The 1996 welfare reform law repealed AFDC and some related programs and replaced it with the TANF block grant. Funding for the AFDC-related child care programs was consolidated into a separate funding stream dedicated to child care. The long-term extension of TANF enacted in the DRA expired at the end of FY2010. Since then, Congress has continued TANF program authority and funding through a series of short-term extensions. TANF extensions have been incorporated into stop-gap continuing resolutions, or omnibus appropriations bills to fund all or most of the government added to tax bills, added to unrelated legislation, or passed as stand-alone legislation. There were two gaps in funding for TANF during this period. Funding lapsed during broader “government shutdowns” in October 2013 and beginning in December 2018 (Sheely, 2013). States were permitted to draw on unspent, previously appropriated TANF funds to finance their TANF activities during the shutdown.
Current law, regulations, rules, funding sources, or organizational policies
The TANF program has been due for reauthorization since 2010 (Haskins Albert & Howard, 2014). State legislators and policymakers need to work together to make TANF more effective and address the barriers that TANF creates with the block grant. TANF assists a total of 1,618,151 families, 4,067,509 recipients, 1,120,809 adults, and 2,946,700 children.
Current benefits and services associated with the policy
The Impoverished families can receive disability compensation, naturalization, financial assistance, education and training, a pension, life insurance, and vocational rehabilitation and employment.
Pros and cons of current policies
Reauthorization of the TANF provision allocates additional funds to states with high levels of poverty and high growth rates. Unlike TANF itself, this provision expired in 2001. A total of 17 states now receive money from this supplemental fund, which they will lose if the condition is not reauthorized. The debate will be further complicated because money for this provision is not assumed in the CBO baseline. Thus, Congress must find a funding offset of about $3 billion over five years if the fund is reauthorized.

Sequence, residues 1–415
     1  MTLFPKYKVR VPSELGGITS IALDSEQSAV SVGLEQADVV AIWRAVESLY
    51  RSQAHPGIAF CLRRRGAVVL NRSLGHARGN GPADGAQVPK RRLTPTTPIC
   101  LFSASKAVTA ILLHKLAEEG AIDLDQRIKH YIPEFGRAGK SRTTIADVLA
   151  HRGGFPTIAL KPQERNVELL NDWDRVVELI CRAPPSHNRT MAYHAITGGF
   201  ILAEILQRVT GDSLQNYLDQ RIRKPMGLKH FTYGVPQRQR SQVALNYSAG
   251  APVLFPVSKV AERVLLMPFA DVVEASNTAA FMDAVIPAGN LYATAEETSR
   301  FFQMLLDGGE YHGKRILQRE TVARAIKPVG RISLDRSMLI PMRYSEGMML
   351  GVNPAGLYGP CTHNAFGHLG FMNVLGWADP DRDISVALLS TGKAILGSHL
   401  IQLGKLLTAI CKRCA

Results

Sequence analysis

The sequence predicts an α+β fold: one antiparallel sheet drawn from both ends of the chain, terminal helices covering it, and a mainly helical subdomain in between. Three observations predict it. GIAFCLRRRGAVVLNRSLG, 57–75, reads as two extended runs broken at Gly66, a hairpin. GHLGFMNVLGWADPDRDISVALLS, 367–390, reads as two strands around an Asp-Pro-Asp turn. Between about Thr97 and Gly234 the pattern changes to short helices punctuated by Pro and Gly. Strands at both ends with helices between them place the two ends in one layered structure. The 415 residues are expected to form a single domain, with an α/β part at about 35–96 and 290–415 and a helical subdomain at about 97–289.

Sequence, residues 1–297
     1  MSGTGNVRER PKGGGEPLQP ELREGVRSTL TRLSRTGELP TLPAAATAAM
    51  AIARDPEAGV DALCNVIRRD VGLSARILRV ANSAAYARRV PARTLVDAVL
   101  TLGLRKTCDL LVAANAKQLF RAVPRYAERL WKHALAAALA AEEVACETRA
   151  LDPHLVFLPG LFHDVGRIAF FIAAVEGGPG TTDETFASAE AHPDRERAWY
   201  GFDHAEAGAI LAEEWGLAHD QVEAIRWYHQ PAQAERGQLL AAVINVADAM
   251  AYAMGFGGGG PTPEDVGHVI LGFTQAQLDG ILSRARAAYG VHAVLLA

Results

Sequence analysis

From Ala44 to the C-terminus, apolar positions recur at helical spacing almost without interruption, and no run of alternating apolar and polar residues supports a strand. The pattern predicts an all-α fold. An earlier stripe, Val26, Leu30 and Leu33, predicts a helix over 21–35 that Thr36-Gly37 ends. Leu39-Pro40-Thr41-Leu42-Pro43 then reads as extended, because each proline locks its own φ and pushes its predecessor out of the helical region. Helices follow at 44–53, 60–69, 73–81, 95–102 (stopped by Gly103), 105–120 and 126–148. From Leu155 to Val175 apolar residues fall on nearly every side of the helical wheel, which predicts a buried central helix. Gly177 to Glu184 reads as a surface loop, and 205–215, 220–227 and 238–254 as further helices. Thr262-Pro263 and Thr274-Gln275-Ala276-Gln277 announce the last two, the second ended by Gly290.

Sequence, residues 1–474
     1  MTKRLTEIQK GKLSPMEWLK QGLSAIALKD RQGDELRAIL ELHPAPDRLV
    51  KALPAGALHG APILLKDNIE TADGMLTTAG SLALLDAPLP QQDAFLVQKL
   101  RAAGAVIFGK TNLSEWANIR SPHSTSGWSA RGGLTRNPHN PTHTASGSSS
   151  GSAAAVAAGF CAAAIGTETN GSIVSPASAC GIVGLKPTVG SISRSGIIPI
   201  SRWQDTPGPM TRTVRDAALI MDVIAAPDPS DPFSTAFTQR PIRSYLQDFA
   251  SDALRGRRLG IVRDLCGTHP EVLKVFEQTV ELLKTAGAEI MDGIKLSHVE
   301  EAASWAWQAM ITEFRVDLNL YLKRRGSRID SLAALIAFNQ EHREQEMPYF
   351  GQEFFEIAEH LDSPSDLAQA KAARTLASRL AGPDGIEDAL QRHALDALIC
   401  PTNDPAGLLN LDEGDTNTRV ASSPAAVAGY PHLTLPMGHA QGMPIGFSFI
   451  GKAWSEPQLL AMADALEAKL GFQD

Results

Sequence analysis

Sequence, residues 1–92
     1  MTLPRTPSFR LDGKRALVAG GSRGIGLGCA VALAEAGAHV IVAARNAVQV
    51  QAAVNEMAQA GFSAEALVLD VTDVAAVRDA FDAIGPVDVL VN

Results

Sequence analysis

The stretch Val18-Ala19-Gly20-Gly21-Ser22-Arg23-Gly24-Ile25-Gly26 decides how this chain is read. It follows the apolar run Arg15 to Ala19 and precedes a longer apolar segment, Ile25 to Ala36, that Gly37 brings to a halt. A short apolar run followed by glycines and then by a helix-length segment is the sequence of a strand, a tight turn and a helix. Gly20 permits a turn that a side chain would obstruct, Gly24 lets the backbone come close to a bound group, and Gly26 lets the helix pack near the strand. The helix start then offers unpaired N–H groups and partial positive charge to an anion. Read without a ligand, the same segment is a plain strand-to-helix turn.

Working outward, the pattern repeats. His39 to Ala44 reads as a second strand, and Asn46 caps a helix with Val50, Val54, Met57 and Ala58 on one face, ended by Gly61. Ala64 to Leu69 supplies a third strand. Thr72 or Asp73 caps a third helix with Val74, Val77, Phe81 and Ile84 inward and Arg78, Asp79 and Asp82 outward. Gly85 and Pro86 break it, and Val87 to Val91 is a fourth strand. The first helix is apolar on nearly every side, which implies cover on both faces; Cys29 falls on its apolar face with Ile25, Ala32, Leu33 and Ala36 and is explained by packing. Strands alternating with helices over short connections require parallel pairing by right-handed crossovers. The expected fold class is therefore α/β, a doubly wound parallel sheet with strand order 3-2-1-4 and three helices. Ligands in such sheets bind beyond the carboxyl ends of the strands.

Purposes of the program were to assist needy families, fight welfare dependency by promoting work and marriage, reduce non-marital births, and encourage the formation and maintenance of two-parent families. Conservatives wanted to emphasize the work and family formation issues while many liberals, although appreciating the emphasis on work, were equally concerned with ensuring benefits and adequate income for needy families.
One of the major cons involves time limits. While states can set their time limit policies, they cannot provide cash assistance from federal TANF funds for longer than 60 months to a family that includes an adult recipient. However, states can exceed the 60-month limit for up to 20 percent of their caseload based on hardship. Federal law does not impose a time limit on “child-only families” (those with no adult receiving benefits) or families receiving assistance funded entirely with state MOE funds.
Immigrant eligibility. Federal law bars states from using federal TANF dollars to assist most legal immigrants until they have been in the United States for at least five years. This restriction applies to cash assistance and TANF-funded work supports and services such as child care, transportation, and job training. US citizen children are eligible for TANF benefits and services even if they have non-citizen immigrant parents who do not, or do not yet, qualify.